Variable inheritance

Roman Suzi rnd at
Tue May 22 19:56:53 CEST 2001

On Tue, 22 May 2001, Alex Martelli wrote:

>Not necessarily so, in Python.  Say the user chooses
>'feature-sets' he wants by 'copying' the feature-set
>names in a GUI from a list to another, e.g. by drag
>and drop; he may also arbitrarily reorder the list
>of feature sets he has chosen in terms of priority --
>if two chosen feature-sets both provide a way to
>handle a certain behavior, the user gets to choose
>which one takes precedence.  This might be excellent
>as a user-interface in a bridge-bidding system to
>choose sets of bidding conventions, for example.  When
>done, the user writes in a name for the new thingy in
>an appropriate text-field, and clicks the "Create"

the already mentioned by me
(and related pages) agrues that feature sets are better done with feature
tables, where you can check-in features (object attributes) you need in
any mix.
This way you will see exactly what fetures you've choosen
and what not.

This gives better granularity than MI could provide.
Just pick your fetures directly, why do you need

>OK, so now we have a tuple of 'feature-sets' (classes)
>whose features the user desires in the object he is
>creating.  What is the best way to mix them?
>Why, multiple inheritance, of course -- what else?
>class ObjectCreator:
>    class Starter:
>        def __init__(self, name):
>  , self.uniq = name
>            for b in self.__class__.__bases__:
>                getattr(b,'__init__',lambda x:0)(self)
>    def __init__(self):
>        self.classRegistry = {}
>        self.nameRegistry = {}
>    def create(self, name, basestuple):
>        if not self.classRegistry.has_key(basestuple):
>            class Temp((Starter,)+basestuple): pass
>            self.classRegistry(basestuple) = Temp
>        uniq = 0
>        while self.nameRegistry.has_key((name,uniq)):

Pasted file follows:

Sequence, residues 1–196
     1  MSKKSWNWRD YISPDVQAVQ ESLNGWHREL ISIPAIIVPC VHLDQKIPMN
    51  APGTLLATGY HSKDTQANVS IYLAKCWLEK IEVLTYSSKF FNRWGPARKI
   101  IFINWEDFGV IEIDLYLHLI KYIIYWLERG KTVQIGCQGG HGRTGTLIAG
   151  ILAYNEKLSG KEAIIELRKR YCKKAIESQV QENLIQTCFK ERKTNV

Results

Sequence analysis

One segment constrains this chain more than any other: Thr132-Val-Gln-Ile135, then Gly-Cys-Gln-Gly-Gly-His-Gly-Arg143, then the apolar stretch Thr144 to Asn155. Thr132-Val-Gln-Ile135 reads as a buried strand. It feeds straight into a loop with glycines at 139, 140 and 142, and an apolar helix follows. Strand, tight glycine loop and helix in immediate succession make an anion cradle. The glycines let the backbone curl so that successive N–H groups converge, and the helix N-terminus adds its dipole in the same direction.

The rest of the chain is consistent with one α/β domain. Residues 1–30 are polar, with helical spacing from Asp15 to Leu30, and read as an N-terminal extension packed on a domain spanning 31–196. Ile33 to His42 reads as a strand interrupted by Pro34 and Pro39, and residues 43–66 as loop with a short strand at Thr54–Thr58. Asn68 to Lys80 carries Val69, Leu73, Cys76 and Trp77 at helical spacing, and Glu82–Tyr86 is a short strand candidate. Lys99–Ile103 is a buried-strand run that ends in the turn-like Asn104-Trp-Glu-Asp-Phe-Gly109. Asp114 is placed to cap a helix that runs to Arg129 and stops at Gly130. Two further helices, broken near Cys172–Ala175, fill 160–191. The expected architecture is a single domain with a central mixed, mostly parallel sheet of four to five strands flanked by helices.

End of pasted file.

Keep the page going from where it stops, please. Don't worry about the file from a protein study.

>            uniq += 1
>        name = (name,uniq)
>        result = self.classRegistry[basestuple]('%s_%s'%(name,uniq))
>        self.nameRegistry[name] = result
>        return result
>I don't see how aggregation and delegation would be easier
>to implement and maintain than this simple framework.

It depends. Python has great functional capabilities
to make container-writing (with proper dispatching
of messages) very easy.

I can't agree Python's MI is a way to do HAS-A
relations. It seems to me like using only

from A import *
from B import *
from X import *

applied at the class level.

> You
>can add new potential base-classes anytime, in fact updating
>the UI is more than a chore than updating the underlying
>engine (since the latter doesn't need to be updated:-).
>All the work you would have to code in delicate boilerplate
>in Python for the delegation is handled by Python itself
>as it looks for methods and other attributes of the objects
>so created.  And isn't this exactly as it should be?
>Python gives us a flexible, solid, powerful code reuse
>mechanism in its inheritance structure.  I don't see why
>one shouldn't take full advantage of it just because of
>mistaken (or at least SERIOUSLY debatable:-) philosophical
>ideas on the role of taxonomy in classification!-)

BTW, is there any book or other source which explains
OOP python-wise?

Sincerely yours, Roman Suzi
_/ Russia _/ Karelia _/ Petrozavodsk _/ rnd at _/
_/ Tuesday, May 22, 2001 _/ Powered by Linux RedHat 6.2 _/
_/ "Never trust a computer you can't lift. - Stan Masor" _/

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